SPANISH POLICE

Spanish police inspectors to be trained by Catholic university

Academy cuts 28-year link with Salamanca University after accepting cheaper bid

Acting Interior Minister Jorge Fernández Díaz talks to Ávila bishop Jesús García Burillo.
Acting Interior Minister Jorge Fernández Díaz talks to Ávila bishop Jesús García Burillo.RAÚL SANCHIDRIÁN / EFE

Aspiring police inspectors with the Spanish National Police will be trained by a private Catholic university, ending a 28-year association with the secular Salamanca University.

Under the Spanish police system, an inspector is an executive rank below that of Chief Inspector. Sources at the Ávila police academy, where the trainees will now be lectured by professors from the Catholic University of Ávila (UCAV), said that the move was financially motivated.

Abortion, euthanasia and the Gag Law will never be the same when explained by a professor at a Catholic university

Professor of criminal law

“It was the cheapest offer,” said a source. The UCAV has reportedly lowered the cost of the service from the €200,000 charged by Salamanca University to €100,000, meaning that the state will save €18 on each hour-long class.

The Interior Ministry said it had “no involvement” in this recent agreement. Nobody seems to want to take responsibility for a decision that has drawn criticism in the world of academia, because there is more than just money at stake.

“Abortion, euthanasia and the so-called Gag Law will never be the same when explained by a professor from a public university as by one from a private, Catholic university whose ultimate boss is the bishop,” said one professor of criminal law from Salamanca University who has taught at the police academy.

Although acting Interior Minister Jorge Fernández Díaz is known to have a good personal relationship with the bishop of Ávila, Jesús García Burillo – who is also the Grand Chancellor of UCAV – the ministry denies any involvement in the deal, and says the decision was delegated to the National Police General Directorate.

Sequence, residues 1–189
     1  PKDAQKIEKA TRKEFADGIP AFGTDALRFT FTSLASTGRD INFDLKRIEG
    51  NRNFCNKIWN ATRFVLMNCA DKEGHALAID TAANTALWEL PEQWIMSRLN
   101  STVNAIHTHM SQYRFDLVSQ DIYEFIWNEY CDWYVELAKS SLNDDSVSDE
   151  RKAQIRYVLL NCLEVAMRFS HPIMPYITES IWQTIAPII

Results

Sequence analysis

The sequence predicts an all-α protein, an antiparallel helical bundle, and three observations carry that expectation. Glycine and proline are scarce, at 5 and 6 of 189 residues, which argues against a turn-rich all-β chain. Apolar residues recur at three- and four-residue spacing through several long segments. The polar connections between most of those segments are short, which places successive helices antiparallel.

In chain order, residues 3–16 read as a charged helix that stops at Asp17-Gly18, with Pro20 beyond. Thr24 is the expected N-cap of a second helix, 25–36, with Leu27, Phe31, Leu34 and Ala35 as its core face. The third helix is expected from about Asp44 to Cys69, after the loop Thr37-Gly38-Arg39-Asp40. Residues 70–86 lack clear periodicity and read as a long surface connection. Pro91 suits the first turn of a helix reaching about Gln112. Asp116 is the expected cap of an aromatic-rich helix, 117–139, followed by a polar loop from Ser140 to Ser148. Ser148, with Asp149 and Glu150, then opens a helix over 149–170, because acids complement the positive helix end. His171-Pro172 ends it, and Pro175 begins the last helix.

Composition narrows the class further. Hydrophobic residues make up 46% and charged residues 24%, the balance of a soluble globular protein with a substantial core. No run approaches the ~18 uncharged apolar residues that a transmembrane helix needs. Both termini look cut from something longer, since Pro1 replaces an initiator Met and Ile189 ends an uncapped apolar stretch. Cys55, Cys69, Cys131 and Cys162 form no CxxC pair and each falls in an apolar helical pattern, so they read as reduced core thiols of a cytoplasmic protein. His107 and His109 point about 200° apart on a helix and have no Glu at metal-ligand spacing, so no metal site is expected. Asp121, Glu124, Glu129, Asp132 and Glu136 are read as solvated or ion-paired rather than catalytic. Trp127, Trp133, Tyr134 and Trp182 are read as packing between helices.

The latter says that a task force was appointed to sift through the offers made by the various bidding universities. “They all have the same technical conditions, but given a maximum cost per class of €100 an hour, Salamanca offered €98, Seville University offered €95 and UCAV said it would teach for €80 an hour.”

Nobody at UCAV could be reached for comment, while the bishop himself replied: “The most opportune thing for you to do is to address the police academy.”

The police academy had maintained an agreement with Salamanca University for 28 years, but new legislation forced the state to put the contract up for tender four years ago. Until now, Salamanca had won every bid. But this year, Ávila won out.

Economic criteria have trumped academic prestige and a decades-long collaboration

Daniel Hernández Ruipérez, President Salamanca University

The three-member task force charged with choosing the contract – representing the National Police, the Tax Agency and the State’s legal counsel – does not take into account whether a bidding university is secular or religious, or whether it is private or public.

“Economic criteria have trumped academic prestige and a decades-long collaboration,” said Daniel Hernández Ruipérez, president of Salamanca University, who is taking the case to court. The dean of the Law School , Ricardo Rivero, is planning to appeal the decision to switch universities based on the winner’s “lack of technical solvency.” The National Police General Directorate promises to “analyze it rigorously.”

Founded in 1134, Salamanca University is Spain’s oldest and Europe’s third oldest continuously operating university.

English version by Susana Urra.

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